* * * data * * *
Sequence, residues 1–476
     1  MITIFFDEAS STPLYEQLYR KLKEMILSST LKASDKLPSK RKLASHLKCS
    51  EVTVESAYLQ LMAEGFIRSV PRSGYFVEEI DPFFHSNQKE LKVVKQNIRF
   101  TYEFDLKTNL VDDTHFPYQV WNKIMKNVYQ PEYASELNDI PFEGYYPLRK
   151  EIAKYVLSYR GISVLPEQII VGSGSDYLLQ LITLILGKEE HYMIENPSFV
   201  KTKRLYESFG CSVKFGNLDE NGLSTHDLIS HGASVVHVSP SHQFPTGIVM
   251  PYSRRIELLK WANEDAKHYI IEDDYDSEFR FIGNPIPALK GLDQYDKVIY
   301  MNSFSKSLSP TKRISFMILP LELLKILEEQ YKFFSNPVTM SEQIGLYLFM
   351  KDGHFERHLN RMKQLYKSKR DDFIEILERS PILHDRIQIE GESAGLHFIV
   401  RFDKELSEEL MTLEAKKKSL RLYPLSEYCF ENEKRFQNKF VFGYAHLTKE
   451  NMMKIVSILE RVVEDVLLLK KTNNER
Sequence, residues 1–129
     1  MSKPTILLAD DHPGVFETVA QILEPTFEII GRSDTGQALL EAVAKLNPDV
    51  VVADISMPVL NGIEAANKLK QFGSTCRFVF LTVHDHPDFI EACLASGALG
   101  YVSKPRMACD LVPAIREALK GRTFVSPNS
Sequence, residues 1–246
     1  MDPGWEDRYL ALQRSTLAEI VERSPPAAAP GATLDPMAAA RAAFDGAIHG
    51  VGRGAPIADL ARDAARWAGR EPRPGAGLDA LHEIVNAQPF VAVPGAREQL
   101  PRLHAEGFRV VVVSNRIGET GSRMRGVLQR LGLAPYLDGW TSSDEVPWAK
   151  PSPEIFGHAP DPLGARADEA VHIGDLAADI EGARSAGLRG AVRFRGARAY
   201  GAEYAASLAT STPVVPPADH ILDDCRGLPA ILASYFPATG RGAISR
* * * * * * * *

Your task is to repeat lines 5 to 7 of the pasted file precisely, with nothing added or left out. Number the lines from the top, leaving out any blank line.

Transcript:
   151  EIAKYVLSYR GISVLPEQII VGSGSDYLLQ LITLILGKEE HYMIENPSFV
   201  KTKRLYESFG CSVKFGNLDE NGLSTHDLIS HGASVVHVSP SHQFPTGIVM
   251  PYSRRIELLK WANEDAKHYI IEDDYDSEFR FIGNPIPALK GLDQYDKVIY